First, the N&W apparently did not use the "Positive Meet" system at that
time. The "Positive Meet" strategy had been recommended by the ARA (AAR) Train
Rules Committee for at least two decades before this wreck occurred. Under the
"Positive Meet" principle, opposing trains ALWAYS knew, by train order, where
they are to meet. Regularly scheduled trains do not meet "by timetable
alone," but their meets are always fixed by train order, even if the train order
only confirms the meeting point established in the timetable. And extras do not
meet opposing regular trains by "hunting a hole on their own" -- rather, their
meets with scheduled trains are always fixed by train order.
In the instant collision, Ex 1361 West only "had time on" opposing superior
first class trains, but not train orders fixing the meeting points. Jacobson's
train orders told him that 1st 42 was running 40 minutes late; 2nd 42 was
running 5 hours and 30 mins late, and that he was to meet 88 at Wurno.
APPARENTLY the practice was for extras to "hunt a hole" on their own and get out of the
way of opposing regular trains, based solely on timetable schedule or "run
late" train orders modifying the timetable schedule. If this is a correct
reading of "the Practice," it was real "windcat" railroading which should have been
rectified long before.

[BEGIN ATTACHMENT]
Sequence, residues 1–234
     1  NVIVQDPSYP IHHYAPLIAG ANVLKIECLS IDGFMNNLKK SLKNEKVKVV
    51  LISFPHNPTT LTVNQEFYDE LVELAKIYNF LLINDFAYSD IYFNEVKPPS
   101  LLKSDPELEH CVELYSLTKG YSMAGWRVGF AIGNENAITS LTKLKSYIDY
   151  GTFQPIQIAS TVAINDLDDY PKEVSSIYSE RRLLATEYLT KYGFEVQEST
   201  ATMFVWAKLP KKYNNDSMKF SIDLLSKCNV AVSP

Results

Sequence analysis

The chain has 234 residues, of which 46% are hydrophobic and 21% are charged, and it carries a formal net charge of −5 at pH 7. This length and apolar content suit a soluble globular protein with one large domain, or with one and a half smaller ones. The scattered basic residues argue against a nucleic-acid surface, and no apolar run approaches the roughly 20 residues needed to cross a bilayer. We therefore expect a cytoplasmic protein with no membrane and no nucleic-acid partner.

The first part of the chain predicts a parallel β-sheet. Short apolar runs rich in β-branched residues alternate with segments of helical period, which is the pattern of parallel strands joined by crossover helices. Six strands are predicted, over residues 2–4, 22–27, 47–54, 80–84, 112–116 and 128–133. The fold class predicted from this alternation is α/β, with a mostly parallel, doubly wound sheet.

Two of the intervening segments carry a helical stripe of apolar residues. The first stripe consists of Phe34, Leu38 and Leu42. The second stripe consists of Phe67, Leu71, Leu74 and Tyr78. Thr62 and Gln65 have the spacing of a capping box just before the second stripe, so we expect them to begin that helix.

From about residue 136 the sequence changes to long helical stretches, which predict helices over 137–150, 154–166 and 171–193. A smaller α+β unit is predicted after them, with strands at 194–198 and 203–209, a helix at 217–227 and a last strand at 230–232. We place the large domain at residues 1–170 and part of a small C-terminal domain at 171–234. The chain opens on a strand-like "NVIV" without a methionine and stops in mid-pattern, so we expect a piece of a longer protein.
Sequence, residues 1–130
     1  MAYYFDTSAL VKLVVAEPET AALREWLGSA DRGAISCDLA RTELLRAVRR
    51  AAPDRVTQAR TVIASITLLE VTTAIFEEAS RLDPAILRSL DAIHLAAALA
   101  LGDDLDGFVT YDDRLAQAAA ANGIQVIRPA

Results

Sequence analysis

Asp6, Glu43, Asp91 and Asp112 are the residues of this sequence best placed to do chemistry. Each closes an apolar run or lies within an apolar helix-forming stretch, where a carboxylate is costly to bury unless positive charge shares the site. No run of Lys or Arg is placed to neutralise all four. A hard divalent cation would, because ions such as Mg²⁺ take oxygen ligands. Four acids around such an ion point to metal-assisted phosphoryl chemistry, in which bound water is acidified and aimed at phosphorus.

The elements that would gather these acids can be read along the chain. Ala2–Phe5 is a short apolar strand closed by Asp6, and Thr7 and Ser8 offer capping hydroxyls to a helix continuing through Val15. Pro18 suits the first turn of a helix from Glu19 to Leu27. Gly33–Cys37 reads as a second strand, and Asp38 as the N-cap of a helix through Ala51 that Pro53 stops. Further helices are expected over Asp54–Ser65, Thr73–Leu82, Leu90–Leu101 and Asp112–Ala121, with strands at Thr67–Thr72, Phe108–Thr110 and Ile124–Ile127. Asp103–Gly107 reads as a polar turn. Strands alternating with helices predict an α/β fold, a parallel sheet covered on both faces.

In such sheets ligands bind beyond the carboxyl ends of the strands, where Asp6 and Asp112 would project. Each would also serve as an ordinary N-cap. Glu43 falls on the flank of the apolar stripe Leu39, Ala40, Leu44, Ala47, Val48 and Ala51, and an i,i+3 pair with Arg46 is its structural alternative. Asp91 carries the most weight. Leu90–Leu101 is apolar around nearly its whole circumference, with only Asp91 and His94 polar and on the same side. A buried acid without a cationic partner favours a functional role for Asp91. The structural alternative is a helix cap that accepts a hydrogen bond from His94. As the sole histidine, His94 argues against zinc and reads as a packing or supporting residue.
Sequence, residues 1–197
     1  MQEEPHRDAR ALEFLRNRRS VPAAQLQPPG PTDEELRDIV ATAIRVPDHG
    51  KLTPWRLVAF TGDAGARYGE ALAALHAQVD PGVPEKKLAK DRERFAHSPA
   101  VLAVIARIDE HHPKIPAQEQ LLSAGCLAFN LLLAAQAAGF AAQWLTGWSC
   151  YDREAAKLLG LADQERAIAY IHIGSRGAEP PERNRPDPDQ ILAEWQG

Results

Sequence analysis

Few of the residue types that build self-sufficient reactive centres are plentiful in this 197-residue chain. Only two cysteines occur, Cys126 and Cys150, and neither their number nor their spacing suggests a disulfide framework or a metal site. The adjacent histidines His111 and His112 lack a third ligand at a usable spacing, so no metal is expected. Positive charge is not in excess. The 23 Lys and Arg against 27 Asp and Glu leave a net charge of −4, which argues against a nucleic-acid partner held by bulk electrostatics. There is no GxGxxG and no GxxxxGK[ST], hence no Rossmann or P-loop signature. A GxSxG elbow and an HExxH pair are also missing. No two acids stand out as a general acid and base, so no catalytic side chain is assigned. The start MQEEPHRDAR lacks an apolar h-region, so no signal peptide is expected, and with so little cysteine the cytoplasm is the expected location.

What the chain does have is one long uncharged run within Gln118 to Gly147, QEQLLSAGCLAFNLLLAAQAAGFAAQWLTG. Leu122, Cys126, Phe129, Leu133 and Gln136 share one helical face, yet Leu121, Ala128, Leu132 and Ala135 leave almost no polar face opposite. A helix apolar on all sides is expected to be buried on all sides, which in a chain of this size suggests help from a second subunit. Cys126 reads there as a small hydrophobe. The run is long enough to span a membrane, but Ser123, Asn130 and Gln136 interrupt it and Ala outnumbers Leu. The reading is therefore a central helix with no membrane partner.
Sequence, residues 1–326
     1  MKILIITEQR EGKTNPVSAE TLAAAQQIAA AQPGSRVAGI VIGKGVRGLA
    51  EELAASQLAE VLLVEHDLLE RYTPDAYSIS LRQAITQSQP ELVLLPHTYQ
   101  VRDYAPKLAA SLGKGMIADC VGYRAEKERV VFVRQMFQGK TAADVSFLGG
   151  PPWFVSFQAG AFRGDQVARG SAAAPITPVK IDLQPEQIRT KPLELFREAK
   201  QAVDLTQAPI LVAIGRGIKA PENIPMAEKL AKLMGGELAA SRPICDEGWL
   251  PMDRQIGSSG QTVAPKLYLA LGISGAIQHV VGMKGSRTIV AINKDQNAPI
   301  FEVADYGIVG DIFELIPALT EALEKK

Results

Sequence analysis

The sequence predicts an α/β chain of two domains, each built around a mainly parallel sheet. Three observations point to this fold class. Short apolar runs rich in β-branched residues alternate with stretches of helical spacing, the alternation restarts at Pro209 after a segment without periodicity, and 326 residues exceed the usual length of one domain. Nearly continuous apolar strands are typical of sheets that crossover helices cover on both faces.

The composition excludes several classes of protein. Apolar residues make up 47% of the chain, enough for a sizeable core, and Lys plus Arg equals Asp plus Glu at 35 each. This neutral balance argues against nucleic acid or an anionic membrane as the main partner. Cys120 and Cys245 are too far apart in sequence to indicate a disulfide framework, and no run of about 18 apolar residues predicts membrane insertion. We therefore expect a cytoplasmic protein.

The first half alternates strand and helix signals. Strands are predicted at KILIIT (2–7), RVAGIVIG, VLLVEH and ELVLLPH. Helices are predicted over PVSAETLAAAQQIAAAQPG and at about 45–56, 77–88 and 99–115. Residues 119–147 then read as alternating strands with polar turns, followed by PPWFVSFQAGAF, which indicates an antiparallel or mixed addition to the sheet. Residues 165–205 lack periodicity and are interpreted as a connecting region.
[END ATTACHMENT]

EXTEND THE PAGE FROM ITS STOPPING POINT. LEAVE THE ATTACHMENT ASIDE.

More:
Second, Operator Dixon at Radford was allowed to "clear trains" (issue them a
clearance card, which allowed them to leave his station, listing the train
orders to be delivered) without asking the Train Dispatcher. APPARENTLY the
practice was for the Operator to write out the Clearance Card and list the train
orders which he THOUGHT should be delivered to a train, without confirmation
from the Train Dispatcher. If it had been the practice of "asking" to clear
trains, the exchange would have gone something like this: "Radford, clear Ex
1361 West with orders 6, 108, 126 and 128." The Train Dispatcher should have
caught the Operator's error and said "You overlooked order 102, running No. 26
late." Had this happened, there would have been no collision.
Are these two previously unmentioned flaws which existed in the N&W's train
dispatching system of 1918? If so, the railroad obviously was not going to put
them in writing in the package it sent to the ICC examiners to serve as the
basis for the ICC report. And the ICC examiners never picked up on these
points, but rather criticised the railroad for other things. The ICC rested the
fundamental blame for the wreck with Conductor Heinz of Extra 1461 West, for
failing to discern, in his examination of the Train Register at Radford, that No.
26 had not yet arrived.
It is sad for me to realize that the complete file on this wreck was in the
walk-in vault in the Radford Division Trainmaster's Office in General Office
Building, Roanoke, and I never asked to see it. Day late and dollar short...
Having spent the better part of my fourty-some year railroad career in the
"train control" side of the business, I could write a book on why people screw
up. To any younger railroaders I would say: Ferret out the bad practices like
a sleuth, and don't be bashful about it. Look critically at all the
processes which are in place. Codify everything you need into written instructions,
and drill your people on them until they become ingrained and unquestioned
methods of operation. And do not accept poor performance which does not measure
up to your expectations as embodied in the directives. Because most workers do
not see the whole picture and, left to themselves, will "do things the easy
Thanks for indulging my musings. Now back to my original question... Does a
photograph of this wreck exist?
-- abram burnett